• Multi is great for developing consistency.

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Q4) What could influence your decision to use multi shuttle when coaching?

It’s great to see that an overwhelming number of coaches use multi shuttle because they have identified an aim for that practice and believe that multi can achieve that aim.

The debate now could be, what aims are best served by a multi shuttle practice.  Are there certain aims and goals that are better achieved using this practice type?  Are there also aims that aren’t served?

At this point, I wish I could refer you to some Badminton Coaching literature produced through research.  Unfortunately, I can’t do that 🙁

Currently, all you have are your own opinions and those of the influencers you follow on social media.  I hope you agree that we need more.

What influences coaches decisions

Technique (45%) and the Physicality of practice (43%) are top of everyone’s thoughts again.  That’s probably not a surprise to you.

I am surprised that more coaches didn’t feel that they were influenced by players expecting this type of training (19%).  Maybe this is because it’s a given that multi will appear in most practice sessions.  However, this is slightly contradictory to Q1 when coaches were asked how often they used multi-shuttle practices and responded ‘sometimes depending on the situation’ (49%).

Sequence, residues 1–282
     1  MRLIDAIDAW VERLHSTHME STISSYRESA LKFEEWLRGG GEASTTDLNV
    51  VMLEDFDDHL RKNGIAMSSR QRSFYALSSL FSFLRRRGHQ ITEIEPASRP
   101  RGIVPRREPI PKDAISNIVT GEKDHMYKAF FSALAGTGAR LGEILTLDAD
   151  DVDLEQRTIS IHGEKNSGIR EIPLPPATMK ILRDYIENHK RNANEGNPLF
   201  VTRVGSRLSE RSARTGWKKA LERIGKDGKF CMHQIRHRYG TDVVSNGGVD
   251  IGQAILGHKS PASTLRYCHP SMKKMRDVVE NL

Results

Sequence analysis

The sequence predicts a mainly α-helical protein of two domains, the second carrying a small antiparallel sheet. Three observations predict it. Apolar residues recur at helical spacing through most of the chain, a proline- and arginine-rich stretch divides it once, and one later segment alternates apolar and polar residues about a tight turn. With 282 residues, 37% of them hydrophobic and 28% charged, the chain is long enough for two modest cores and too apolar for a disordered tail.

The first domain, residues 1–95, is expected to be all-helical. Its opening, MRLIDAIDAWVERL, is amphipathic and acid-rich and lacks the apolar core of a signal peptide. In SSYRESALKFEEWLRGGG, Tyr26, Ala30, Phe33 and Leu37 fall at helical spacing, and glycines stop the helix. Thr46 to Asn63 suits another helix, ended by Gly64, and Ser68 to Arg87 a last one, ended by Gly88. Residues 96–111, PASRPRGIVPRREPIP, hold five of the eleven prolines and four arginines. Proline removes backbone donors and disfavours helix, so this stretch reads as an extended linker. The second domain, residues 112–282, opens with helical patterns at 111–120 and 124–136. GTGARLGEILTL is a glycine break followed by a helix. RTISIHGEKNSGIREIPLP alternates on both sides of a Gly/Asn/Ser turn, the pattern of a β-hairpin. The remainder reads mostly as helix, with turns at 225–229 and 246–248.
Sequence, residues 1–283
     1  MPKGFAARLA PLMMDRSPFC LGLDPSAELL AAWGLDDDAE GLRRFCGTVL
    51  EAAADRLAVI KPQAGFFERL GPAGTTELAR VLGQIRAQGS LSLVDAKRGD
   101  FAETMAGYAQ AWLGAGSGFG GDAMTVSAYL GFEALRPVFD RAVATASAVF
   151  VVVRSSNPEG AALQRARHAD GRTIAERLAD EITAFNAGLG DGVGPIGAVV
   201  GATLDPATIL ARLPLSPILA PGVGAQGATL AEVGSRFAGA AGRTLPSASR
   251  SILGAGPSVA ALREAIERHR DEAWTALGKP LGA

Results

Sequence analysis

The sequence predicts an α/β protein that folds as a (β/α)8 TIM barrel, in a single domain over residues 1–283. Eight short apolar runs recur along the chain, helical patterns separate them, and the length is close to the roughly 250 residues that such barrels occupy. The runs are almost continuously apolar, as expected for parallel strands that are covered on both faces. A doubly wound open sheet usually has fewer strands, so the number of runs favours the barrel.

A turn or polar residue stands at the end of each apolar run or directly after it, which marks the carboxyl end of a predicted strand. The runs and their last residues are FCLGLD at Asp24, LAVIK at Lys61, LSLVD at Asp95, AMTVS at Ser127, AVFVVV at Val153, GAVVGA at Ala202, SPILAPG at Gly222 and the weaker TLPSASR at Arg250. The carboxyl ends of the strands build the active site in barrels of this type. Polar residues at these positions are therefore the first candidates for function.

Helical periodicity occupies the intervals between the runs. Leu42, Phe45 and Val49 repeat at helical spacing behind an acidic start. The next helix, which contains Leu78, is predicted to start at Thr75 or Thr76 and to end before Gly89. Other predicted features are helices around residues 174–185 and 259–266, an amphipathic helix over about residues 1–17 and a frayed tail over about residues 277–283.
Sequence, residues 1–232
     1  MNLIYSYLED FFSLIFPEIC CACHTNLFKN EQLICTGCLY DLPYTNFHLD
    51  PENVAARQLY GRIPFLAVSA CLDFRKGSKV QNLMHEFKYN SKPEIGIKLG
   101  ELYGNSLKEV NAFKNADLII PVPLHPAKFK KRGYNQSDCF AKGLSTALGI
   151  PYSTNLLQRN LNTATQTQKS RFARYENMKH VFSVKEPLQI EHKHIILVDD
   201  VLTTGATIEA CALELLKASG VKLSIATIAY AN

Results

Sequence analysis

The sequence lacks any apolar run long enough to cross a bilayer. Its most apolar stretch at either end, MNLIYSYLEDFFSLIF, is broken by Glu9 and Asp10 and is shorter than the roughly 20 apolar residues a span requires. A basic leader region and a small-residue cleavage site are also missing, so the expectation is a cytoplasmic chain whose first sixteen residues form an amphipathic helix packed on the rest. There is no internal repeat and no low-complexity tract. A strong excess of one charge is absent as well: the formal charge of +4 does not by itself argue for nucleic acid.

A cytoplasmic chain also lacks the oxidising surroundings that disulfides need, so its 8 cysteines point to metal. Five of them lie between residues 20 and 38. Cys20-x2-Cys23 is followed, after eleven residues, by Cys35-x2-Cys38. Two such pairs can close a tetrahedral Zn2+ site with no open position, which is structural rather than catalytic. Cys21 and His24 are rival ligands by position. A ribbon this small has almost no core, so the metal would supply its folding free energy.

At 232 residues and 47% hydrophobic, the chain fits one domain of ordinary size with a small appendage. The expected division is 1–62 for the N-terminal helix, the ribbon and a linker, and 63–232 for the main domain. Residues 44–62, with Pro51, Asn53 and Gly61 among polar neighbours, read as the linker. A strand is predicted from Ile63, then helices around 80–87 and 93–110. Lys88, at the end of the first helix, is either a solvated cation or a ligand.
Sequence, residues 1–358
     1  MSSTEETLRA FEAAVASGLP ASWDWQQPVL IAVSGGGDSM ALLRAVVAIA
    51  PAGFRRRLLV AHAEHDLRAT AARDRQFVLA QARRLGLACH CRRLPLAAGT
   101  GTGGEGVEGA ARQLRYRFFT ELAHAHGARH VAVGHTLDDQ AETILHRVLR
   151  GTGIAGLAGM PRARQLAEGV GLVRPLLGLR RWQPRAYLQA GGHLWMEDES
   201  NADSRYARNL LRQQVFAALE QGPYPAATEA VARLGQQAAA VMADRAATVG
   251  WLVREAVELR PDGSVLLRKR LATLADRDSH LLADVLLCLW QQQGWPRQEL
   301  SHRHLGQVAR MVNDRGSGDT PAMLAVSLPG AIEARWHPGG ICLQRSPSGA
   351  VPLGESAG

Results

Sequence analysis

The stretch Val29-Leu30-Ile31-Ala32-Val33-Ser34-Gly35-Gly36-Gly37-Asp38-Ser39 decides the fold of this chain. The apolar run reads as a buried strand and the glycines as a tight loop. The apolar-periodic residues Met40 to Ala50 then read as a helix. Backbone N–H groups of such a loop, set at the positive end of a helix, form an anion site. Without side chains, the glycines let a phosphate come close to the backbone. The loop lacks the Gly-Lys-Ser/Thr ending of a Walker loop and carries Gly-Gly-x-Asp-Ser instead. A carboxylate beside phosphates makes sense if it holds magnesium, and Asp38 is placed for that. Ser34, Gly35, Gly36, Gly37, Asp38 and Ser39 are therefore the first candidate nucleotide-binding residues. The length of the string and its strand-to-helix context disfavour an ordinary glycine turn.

I also expected a greater positive response to coaches being influenced by the fact that their players had greater playing skills than they did (18%) and that coaches wanted to protect their bodies and reduce the chance of injury (6%).  If a coach’s playing skills aren’t greater than their pupil,  (especially in an individual session) and the coach is not concerned by fatigue or injury, then why do they not ‘play’ or rally with their players?   How do you design your practices if you have an individual session with a player of less playing skills than your own?

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Q5) How useful is multi-shuttle for improving technique?

multi shuttleMaybe we should not be surprised that the majority (approx. 80%) consider multi to be effective for improving technique (51% & 30%)

A common sight for most individual coaching sessions is players practicing using a single shuttle that is not returned.  Do you agree?